When God sent the Holy Spirit at Pentecost, the followers of Jesus began to speak in foreign languages (Acts 2:4-8). Devout Jews asked, “What does this mean?” 

Peter explained to these “men of Israel” (verse 22) that this was a fulfillment of prophecy (from Joel and the Psalms), and that they had crucified their Messiah. They were “pierced to the heart”. (verse 37) Peter responded that they should “repent and be baptized in the name of Jesus Christ for the forgiveness of your sins” (verse 38). 

In verse 39 Peter again quoted prophecies from the Old Testament (Isaiah 44:3) and spoke of “the promise” that is for them and their children and all that are far off. “The promise” spoken is the promise of blessing. When he says “children” he is speaking of their descendants. It was to Israel first that God gave the promises of the Old Testament. Romans 9:4 says, “They are Israelites, and to them belong the adoption, the glory, the covenants, the giving of the law, the worship, and the promises.” Romans 9:4 (ESV)  Although the nation of Israel had rejected their Messiah, the way was open for individual Jews to accept him.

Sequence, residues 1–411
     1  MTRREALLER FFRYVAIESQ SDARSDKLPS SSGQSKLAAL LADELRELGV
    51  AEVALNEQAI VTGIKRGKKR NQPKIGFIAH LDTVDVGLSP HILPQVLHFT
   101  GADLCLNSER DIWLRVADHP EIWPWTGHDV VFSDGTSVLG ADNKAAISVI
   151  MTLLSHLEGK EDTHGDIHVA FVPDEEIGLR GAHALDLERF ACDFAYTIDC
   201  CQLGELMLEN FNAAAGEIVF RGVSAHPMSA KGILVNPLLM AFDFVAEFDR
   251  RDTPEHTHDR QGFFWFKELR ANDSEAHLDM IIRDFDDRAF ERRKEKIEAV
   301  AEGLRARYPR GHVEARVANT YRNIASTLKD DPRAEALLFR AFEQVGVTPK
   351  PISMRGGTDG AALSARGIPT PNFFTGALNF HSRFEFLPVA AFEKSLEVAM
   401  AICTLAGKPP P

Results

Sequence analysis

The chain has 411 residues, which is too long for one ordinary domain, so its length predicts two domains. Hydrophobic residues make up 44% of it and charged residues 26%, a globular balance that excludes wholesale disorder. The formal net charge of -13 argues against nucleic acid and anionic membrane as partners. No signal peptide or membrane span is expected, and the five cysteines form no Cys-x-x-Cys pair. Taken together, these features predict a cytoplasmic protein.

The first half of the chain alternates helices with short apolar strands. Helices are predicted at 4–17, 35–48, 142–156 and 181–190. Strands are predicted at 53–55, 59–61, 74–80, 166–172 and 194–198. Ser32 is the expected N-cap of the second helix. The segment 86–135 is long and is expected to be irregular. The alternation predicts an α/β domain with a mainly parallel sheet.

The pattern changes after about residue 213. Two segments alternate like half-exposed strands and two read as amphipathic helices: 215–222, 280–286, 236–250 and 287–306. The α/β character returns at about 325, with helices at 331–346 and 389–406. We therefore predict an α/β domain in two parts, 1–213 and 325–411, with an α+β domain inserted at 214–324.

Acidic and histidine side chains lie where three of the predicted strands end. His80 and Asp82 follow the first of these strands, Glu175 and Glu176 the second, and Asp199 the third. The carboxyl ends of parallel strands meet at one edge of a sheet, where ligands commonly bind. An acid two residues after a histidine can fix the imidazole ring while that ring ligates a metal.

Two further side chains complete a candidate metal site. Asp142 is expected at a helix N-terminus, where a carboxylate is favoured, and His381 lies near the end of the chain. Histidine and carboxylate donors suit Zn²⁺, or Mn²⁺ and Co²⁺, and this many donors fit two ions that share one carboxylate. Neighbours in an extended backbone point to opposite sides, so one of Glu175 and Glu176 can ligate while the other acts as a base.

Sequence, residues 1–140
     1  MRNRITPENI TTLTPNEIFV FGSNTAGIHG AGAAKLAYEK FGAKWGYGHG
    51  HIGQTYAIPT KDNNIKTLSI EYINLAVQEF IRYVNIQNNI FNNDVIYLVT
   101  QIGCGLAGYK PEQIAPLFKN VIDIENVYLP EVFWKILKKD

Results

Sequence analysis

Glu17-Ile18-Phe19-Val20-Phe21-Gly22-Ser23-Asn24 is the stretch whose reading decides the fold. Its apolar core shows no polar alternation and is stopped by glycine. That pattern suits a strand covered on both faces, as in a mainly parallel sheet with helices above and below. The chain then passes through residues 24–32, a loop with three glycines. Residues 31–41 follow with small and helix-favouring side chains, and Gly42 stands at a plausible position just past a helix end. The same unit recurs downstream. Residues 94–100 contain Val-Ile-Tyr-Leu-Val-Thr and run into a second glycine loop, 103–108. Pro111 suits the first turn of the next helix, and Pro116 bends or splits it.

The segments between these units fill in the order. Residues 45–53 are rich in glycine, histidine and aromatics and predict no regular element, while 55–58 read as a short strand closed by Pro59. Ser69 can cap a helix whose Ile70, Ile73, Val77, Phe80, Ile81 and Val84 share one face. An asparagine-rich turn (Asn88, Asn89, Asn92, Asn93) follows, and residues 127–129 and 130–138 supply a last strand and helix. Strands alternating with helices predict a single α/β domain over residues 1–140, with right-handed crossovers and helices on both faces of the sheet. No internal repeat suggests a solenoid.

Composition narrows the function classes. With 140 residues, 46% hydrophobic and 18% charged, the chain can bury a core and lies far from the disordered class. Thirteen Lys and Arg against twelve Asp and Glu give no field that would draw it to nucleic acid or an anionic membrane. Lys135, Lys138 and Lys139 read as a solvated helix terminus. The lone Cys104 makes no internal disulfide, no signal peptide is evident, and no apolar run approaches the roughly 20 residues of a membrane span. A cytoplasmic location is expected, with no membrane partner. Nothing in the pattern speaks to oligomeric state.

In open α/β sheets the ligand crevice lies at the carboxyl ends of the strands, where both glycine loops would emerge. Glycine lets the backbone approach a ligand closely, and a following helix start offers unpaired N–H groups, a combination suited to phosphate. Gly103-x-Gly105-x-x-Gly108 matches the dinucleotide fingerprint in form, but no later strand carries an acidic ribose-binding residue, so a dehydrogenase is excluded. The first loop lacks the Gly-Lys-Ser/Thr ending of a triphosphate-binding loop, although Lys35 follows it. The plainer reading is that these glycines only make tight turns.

The doctrine of infant baptism is not taught anywhere in scripture. In Acts 8:12, we see both men and women being baptized. True baptism for the Christian is an immersion into Jesus as explained in Romans 6:3-4. “Or do you not know that all of us who have been baptized into Jesus Christ have been baptized into his death? Therefore we have been buried with him through baptism into death, so that as Christ was raised from the dead through the glory of the father, so we too might walk in newness of life.” Our new life includes the denial of self-will and submission to God’s will: “not as I will, but as you will.” Matthew 26:39.

Water baptism is an outward sign or symbol of what has already happened inside a person. Our wills are buried, symbolized by being immersed in water. As we are raised again out of the water, it represents our new life in Christ. Water baptism is an outward sign that we no longer live to do our wills but to do the will of God. This is a choice that no one can make for another.